This article on How to Putt Better will show you step by step on the proper mechanics of a solid stroke. Putting can easily account for nearly fifty percent of your score, yet, putting is one of the most overlooked part of golf. Think of a scratch player who shoots par and hits every green in regulation. Therefore, on a regulation course with a par of 72, they essentially hit 36 shots and 36 putts. Now, think of a higher handicap player who accounts for over 36 putts per round. Improving and shooting lower scores begins on the putting green and extends back to the tee. Unfortunately, most players practice in a reverse order from the tee to the putting green. Remember a 300 yard drive counts just as much as a 3 foot putt.
Successful putters get the ball in the hole in two putts or less. The following statistics stress the importance of getting the ball close to the hole on longer putts and the importance of making the close putts. On average, a scratch golfer will make a 3-foot putt 82% of the time while they only make a 6-foot putt 48% of the time.
On average, an 18 handicap player will make a 3-foot putt 64% of the time while they only make a 6-foot putt 35% of the time. Finally, on average, a 36 handicap player will make as many 3-foot putts as a scratch player will make 6-foot putts. Good players make the majority of short putts. That is the secret.
The golf swing, including the putting stroke, is an athletic movement. Therefore, begin with an athletic set up and continue with the correct fundamentals. Start with your feet shoulder width and bend your knees slightly. Continue the set up by leaning forward at your hips, creating your spine angle. Position both of your thumbs so point down the flat part of the grip. Gripping the club correctly will help keep the putter square through impact.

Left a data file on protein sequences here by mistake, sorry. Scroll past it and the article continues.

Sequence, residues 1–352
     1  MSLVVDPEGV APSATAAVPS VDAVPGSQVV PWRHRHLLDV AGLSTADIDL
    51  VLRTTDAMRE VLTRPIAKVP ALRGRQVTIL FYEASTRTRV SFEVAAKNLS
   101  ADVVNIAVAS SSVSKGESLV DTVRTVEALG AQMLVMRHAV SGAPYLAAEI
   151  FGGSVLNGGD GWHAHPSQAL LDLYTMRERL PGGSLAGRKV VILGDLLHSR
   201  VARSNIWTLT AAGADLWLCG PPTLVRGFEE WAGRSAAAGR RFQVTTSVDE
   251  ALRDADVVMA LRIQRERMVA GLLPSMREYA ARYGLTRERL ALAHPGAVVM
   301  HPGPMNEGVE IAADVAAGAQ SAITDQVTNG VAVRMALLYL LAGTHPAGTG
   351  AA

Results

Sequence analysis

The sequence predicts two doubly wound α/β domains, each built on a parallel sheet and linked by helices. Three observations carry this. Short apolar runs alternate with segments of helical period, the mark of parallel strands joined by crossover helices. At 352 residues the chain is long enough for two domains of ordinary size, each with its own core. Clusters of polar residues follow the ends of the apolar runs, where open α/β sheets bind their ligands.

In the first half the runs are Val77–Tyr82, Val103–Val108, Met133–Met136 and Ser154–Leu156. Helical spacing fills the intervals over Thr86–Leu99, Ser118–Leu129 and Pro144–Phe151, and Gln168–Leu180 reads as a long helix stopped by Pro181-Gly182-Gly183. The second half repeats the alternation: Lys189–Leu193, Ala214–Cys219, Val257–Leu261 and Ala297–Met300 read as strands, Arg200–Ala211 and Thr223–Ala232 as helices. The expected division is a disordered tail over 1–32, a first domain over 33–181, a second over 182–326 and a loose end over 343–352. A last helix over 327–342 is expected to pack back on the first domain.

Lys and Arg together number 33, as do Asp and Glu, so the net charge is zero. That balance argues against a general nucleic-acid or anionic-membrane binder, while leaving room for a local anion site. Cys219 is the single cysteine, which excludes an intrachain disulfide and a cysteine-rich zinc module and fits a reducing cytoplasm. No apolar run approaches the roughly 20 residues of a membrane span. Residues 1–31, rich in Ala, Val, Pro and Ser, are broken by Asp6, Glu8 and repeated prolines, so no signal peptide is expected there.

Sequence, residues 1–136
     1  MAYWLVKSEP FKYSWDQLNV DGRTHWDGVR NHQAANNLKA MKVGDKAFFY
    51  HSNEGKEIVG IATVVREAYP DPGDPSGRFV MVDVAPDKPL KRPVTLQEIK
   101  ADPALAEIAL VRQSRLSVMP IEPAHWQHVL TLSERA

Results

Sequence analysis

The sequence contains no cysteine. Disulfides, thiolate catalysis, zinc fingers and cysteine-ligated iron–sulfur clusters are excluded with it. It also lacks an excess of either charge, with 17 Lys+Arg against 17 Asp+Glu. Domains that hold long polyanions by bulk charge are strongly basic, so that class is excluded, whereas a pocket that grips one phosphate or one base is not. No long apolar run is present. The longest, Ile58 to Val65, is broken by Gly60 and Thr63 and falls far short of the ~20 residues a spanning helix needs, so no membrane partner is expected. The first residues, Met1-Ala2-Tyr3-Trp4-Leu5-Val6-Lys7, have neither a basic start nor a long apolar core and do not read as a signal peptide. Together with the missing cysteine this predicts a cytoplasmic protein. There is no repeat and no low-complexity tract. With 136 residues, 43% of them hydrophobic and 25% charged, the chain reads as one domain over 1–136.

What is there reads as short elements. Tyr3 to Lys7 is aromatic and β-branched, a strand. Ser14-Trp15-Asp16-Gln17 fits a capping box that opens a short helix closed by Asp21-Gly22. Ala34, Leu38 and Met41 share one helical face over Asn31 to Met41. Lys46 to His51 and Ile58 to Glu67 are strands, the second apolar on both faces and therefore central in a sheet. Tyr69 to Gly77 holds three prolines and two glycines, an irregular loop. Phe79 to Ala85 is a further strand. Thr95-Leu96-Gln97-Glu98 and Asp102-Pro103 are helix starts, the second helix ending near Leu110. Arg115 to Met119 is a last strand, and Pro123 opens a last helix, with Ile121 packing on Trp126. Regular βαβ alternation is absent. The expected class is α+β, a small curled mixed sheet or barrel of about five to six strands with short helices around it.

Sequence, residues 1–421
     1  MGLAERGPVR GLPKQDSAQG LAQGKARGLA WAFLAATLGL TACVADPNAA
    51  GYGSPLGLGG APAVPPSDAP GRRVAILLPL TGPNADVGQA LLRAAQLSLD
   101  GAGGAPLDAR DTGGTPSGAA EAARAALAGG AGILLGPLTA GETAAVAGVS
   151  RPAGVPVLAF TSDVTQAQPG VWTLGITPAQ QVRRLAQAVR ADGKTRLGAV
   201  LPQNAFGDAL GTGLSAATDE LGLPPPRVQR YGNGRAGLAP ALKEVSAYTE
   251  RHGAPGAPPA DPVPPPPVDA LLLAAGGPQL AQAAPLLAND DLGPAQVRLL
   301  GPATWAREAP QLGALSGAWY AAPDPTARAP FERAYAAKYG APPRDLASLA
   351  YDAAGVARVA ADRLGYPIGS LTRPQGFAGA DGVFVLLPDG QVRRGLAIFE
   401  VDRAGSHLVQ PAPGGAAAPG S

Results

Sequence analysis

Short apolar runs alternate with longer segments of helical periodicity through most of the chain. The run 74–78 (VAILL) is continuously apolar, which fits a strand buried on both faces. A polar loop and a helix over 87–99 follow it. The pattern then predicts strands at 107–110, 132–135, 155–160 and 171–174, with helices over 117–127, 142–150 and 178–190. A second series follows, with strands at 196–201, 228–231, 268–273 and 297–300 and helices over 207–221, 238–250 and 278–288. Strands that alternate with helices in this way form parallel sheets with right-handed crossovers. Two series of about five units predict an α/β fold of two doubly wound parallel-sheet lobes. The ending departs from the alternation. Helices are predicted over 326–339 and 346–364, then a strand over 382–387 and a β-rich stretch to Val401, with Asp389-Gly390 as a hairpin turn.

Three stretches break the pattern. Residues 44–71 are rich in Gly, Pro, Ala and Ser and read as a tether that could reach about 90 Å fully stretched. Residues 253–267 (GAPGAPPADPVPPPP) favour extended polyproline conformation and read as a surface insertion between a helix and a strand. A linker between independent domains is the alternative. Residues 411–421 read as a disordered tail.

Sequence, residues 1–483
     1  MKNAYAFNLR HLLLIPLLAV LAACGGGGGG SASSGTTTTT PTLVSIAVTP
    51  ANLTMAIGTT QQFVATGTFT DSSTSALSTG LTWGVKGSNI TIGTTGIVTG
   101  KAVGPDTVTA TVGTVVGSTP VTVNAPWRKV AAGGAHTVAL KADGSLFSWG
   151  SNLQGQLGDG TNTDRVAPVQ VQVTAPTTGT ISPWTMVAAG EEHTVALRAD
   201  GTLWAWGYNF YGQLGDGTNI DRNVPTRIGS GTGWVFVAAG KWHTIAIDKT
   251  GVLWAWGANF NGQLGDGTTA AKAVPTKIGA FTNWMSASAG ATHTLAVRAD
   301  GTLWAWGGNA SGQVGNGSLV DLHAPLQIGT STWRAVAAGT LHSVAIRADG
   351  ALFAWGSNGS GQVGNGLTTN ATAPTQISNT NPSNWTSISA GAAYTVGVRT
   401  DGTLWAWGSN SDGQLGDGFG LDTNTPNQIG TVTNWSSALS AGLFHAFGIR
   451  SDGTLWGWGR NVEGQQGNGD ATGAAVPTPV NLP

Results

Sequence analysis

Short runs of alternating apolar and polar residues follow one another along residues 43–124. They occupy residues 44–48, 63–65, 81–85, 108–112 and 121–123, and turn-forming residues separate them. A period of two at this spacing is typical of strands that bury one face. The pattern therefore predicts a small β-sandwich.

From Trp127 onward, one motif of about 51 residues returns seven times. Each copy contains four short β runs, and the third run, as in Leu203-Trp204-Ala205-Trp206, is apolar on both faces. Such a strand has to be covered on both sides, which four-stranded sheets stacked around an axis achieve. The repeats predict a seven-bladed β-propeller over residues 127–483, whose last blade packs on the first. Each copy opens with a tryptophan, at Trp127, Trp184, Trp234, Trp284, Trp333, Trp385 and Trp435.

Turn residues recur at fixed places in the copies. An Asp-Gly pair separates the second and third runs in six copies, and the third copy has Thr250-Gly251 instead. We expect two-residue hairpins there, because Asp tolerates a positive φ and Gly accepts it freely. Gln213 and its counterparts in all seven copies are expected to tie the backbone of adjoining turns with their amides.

Allow your arms and shoulders to create a triangle, which is a foundation of the golf swing. The arms should hang down below the shoulders while your eyes are positioned directly over the golf ball. The golf ball should be in the middle to slightly forward of center in your stance. After you achieve the correct set up, allow your arms and shoulders to create a rocking movement, also referred to as pendulum motion.
During the backswing, the left shoulder will move down while the right shoulder moves up. Consequently, the forward swing will push left shoulder back up while the right shoulder returns to a lower position. Keep the putter low to the ground during the backswing and follow through.
The lower body should remain completely still throughout the stroke. Focus on keeping your eyes fixed down on the ball and accelerate through impact. Accelerating is the most important key on how to putt in golf. If you are timid and unsure, you are in for a tough time. Finally, avoid taking a big backswing and short forward swing. Decelerating is one of the most common mistakes in the golf swing, especially on the short putts.
Creating a swing with minimal extra movements will ensure an efficient, consistent and repeatable putting stroke so you will hole more putts throughout your round.
by Matt Keller